Third, and very important, I need to figure out where I want my career to go from here. I will be known, forever, as a Star Wars writer, and that's perfectly cool as far as I am concerned. It is kind of funny to get letters from folks saying "I've read every book you've written," and know they mean all the Star Wars books. I know that rankles with some of my peers, but I don't mind. I figure that if I can write a Star Wars novel that fulfills someone's fantasies, then when they've read all the SW novels for the second or third time and want something different, they'll trust me to turn out a good story.
My tastes in fiction are broader than just SF/Fantasy, as looking at my reading list can attest. Writers are always admonished to write what they know, and to write the sort of thing they like to read. I love reading mysteries and would love to write some, but that's a major shift of career gears. Moving to mysteries would be much akin to starting all over again, which entails a lot of risk. I like mainstream thrillers, too; and the same caveat applies there.

Figuring out what I want to do will take some time and thorough soul-searching. It's not just about money, but about figuring how I can become the best novelist I can be. To paraphrase political slogans, "It's the story, stupid." I think I tell a pretty good story right now, but I know I can be better, and won't be satisfied with work that doesn't challenge me and make me grow.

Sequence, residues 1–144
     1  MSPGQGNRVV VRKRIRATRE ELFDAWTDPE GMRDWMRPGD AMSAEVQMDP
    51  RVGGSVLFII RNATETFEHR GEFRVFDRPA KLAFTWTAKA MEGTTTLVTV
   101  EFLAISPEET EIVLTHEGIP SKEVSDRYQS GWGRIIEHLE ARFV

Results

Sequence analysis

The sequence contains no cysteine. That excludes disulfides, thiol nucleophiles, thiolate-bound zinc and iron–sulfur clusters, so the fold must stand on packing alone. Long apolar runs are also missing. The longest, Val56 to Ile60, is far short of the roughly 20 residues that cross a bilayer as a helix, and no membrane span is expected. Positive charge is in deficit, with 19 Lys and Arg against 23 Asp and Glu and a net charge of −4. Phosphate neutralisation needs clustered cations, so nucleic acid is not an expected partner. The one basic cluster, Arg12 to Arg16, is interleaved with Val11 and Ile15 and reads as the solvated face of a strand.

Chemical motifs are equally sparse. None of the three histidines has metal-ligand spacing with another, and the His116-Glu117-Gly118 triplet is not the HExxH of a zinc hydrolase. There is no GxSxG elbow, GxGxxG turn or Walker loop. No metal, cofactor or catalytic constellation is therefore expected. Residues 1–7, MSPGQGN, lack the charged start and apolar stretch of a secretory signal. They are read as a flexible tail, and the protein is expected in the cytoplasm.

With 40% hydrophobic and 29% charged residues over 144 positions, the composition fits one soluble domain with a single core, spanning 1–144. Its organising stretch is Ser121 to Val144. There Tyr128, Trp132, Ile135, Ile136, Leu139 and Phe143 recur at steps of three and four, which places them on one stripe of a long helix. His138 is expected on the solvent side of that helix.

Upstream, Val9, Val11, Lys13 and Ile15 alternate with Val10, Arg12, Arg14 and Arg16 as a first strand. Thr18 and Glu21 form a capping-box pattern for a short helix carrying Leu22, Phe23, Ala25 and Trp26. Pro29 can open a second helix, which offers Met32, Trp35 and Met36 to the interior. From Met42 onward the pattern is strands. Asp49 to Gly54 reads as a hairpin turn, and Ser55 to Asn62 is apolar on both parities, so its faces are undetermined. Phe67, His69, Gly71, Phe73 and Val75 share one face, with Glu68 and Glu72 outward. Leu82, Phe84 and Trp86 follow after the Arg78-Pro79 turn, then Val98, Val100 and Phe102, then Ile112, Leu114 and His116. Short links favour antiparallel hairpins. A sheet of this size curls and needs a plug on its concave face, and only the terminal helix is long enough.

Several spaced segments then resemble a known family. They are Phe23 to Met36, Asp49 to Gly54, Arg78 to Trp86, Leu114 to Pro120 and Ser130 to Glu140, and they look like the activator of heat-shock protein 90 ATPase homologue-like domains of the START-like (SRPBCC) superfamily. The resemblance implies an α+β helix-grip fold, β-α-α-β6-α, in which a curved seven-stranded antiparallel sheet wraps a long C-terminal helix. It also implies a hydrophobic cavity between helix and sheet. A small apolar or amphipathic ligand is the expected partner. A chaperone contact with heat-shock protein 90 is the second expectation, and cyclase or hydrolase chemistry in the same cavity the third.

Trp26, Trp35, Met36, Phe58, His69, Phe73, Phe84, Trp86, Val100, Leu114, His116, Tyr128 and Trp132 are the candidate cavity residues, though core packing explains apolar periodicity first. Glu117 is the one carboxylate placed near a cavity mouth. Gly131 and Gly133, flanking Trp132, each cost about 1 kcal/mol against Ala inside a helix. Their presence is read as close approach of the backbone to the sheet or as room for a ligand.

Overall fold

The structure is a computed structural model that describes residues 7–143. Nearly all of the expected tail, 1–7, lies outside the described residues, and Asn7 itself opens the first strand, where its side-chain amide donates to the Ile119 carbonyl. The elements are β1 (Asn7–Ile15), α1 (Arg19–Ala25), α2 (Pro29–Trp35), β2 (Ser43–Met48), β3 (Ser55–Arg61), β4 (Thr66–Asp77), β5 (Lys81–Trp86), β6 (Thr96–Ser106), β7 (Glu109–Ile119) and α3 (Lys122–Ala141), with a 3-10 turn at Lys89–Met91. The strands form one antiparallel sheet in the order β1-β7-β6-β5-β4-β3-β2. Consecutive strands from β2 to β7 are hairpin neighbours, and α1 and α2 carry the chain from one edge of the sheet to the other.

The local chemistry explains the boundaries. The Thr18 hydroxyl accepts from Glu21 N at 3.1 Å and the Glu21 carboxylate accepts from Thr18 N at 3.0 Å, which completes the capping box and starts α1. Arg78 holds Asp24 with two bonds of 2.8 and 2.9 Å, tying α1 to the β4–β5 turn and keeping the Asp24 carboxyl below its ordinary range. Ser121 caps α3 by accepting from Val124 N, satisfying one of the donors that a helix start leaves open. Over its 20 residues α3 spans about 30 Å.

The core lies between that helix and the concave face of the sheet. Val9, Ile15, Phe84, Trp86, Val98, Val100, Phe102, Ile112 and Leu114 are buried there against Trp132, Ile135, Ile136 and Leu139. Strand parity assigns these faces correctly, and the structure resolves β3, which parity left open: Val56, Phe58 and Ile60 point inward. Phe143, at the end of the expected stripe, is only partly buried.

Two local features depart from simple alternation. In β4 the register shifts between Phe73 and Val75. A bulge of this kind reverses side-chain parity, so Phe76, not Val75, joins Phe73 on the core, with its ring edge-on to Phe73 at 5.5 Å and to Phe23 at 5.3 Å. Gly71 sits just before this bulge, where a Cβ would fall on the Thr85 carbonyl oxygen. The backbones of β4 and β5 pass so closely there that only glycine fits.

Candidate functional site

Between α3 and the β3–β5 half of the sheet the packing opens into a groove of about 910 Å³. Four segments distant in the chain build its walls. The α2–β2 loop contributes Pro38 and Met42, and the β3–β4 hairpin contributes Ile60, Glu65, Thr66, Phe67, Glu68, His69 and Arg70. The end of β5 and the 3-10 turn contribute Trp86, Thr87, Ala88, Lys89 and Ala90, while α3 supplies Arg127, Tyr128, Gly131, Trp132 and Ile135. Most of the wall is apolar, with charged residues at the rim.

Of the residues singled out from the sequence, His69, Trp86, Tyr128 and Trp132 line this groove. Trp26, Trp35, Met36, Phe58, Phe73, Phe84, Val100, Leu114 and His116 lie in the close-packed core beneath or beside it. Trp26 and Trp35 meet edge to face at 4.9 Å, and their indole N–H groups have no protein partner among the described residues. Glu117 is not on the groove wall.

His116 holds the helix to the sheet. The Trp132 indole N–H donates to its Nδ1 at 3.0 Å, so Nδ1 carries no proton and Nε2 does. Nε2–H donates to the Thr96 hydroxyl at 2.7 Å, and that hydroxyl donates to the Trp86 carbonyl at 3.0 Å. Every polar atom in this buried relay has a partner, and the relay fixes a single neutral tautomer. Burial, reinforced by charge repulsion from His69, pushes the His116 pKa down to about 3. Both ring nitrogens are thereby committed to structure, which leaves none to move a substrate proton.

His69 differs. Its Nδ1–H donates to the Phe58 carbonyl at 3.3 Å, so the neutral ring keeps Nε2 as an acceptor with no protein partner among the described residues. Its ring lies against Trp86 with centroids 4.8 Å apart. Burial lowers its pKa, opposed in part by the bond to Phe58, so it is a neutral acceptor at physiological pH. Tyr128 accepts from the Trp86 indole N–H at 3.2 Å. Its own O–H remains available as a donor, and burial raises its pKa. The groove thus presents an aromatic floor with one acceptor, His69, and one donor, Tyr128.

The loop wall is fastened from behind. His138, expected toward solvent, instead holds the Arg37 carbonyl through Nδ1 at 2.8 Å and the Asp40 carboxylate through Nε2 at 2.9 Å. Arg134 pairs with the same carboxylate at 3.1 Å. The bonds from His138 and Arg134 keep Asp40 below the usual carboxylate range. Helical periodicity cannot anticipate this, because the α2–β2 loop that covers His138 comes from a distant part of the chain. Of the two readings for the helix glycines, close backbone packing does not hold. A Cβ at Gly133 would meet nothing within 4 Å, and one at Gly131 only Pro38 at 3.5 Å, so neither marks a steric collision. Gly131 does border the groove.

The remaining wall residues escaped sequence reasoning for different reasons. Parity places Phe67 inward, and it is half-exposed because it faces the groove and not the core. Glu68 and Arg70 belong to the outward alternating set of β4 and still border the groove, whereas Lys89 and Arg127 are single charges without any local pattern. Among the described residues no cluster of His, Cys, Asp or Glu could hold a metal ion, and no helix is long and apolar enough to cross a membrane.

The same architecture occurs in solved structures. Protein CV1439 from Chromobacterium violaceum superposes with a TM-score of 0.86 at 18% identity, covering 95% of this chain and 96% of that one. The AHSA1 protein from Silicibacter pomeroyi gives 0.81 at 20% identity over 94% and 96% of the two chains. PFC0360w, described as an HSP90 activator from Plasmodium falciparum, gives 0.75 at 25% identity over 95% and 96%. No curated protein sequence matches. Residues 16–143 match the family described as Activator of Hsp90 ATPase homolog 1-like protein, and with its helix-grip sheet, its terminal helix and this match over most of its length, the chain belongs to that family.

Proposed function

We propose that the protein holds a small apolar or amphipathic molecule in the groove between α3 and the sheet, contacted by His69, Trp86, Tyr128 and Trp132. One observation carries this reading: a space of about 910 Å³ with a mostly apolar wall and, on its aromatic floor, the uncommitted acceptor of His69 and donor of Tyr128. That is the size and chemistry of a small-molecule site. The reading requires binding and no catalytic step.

So, does all this mean I am abandoning Star Wars forever?

Not at all. I still enjoy writing in the universe, and am having a lot of fun working on comic scripts. That's an art form I'd still like to explore - it's forcing me to grow as I go. And short stories are also fun - especially when I get a chance to collaborate with Timothy Zahn - so if a market for shorter work opens up, that's a venue I'd not mind playing in at all. Working on game-based material is also an option.

There are some things you can do for me to help ensure my willingness to come back if invited. They're fairly simple:

1) Don't write me begging me to return, or expressing anger that I've quit. Working in someone else's universe is akin to an exclusive party: you can only go if you're invited. I have an infinite amount of patience to wait for another invite. If one never comes, that's the way it goes. I've had fun and will forever have the great memories.

2) Give the other writers in the line an even chance. Not everyone is going to write like Aaron Allston or Timothy Zahn or Kevin J. Anderson or me. I don't want to be the scourge used to whip up on other writers - many of whom are good friends and have talked with me about writing for Star Wars. Having me reassure them that they want to come to the party, just to have them pounded on because they're not me, well, that looks like a rather clumsy ambush. They don't deserve it and its a great way to scare off really good writers who might be lured in to play.